‘Catholic’ Marquette University Scraps Its Seal Because It Looks Like a White Man Is Giving Directions

If you’ve been losing sleep over Marquette University’s seal, the weekend should bring sweet dreams.

For those unfamiliar with the fiasco, seeds of worry were sown shortly after the private Jesuit research college’s founding in 1881.

The official emblem utilized artwork depicting namesake Father Jacques Marquette during a 1673 journey.

In the original 1869 painting, Jacques stands in a canoe. He faces an American Indian, who’s gesturing toward the mighty Mississippi.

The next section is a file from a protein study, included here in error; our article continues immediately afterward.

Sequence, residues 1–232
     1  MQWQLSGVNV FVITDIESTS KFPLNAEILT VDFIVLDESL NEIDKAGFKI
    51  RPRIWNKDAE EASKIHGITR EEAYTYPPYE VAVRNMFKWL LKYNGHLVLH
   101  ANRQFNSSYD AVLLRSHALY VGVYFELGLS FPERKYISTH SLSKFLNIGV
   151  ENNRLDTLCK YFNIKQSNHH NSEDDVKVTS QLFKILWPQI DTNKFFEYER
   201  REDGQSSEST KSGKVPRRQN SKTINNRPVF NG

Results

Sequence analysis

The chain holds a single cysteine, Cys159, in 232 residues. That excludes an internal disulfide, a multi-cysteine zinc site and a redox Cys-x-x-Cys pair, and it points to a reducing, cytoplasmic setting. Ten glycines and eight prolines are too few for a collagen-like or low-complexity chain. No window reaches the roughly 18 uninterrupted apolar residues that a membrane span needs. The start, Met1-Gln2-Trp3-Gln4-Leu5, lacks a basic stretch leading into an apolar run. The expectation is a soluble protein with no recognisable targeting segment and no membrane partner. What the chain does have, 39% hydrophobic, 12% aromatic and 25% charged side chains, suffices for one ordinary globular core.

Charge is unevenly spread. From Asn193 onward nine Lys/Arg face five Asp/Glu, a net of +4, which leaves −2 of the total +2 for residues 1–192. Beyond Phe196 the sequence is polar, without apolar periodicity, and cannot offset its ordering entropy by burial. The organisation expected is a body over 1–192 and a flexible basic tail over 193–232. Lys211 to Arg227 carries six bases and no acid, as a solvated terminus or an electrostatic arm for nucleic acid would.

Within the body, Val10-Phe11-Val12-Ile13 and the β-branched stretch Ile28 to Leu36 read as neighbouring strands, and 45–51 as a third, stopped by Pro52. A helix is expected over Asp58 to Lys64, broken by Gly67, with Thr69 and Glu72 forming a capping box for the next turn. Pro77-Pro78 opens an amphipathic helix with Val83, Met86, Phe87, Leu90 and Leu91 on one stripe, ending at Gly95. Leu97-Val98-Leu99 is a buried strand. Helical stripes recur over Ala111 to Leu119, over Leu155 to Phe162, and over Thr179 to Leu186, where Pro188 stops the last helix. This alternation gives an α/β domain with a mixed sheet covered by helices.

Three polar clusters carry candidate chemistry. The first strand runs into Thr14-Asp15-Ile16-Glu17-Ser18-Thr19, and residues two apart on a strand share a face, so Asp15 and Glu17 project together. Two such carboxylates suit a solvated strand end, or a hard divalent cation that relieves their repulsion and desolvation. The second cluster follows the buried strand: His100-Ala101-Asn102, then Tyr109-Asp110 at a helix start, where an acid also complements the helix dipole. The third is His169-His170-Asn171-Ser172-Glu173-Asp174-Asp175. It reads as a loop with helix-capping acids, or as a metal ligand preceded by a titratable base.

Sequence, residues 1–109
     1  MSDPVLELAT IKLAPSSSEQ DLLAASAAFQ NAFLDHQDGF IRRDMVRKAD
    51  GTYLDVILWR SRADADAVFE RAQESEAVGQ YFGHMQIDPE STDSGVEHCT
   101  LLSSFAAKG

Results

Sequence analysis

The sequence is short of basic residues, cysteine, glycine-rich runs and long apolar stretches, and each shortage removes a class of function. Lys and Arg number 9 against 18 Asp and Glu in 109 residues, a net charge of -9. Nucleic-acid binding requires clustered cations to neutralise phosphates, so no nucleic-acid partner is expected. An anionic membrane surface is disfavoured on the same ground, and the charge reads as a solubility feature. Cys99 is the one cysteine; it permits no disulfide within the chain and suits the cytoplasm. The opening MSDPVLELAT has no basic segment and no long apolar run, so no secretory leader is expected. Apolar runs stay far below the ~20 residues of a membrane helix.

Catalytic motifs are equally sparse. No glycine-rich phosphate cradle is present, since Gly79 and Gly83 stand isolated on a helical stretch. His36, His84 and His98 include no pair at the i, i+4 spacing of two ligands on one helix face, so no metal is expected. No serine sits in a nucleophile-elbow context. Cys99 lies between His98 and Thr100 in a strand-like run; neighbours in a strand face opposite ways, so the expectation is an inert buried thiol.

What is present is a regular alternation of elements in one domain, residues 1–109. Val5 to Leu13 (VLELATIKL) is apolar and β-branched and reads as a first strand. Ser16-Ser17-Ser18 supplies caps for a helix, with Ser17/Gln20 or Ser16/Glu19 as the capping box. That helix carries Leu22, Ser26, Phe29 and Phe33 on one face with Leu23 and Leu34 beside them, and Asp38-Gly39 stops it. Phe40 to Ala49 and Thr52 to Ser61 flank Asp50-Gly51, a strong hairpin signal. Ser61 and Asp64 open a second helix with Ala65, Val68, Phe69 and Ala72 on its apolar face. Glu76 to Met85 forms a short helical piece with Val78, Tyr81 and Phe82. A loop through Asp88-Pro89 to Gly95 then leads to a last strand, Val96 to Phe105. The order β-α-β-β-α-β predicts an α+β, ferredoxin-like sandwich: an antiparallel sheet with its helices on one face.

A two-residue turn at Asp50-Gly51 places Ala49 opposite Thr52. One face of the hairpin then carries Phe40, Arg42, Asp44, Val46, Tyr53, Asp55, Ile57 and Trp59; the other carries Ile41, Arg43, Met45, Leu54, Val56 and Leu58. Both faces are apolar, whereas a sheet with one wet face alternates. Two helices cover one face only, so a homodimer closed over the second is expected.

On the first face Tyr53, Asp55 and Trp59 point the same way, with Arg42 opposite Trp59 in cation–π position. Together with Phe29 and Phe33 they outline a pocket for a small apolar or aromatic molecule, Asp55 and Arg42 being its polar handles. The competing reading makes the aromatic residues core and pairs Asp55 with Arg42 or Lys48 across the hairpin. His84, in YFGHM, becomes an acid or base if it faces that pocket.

Jacques points the same way.

Also in the boat: two tribesmen, seated with oars.

But prejudice comes in all shapes, including circles. The seal was of the 360° sort, and only the lower left half featured a piece of the painting.

Hence, some characters were cut out. The viewable result: Marquette pointing as a native piddles with his paddle.

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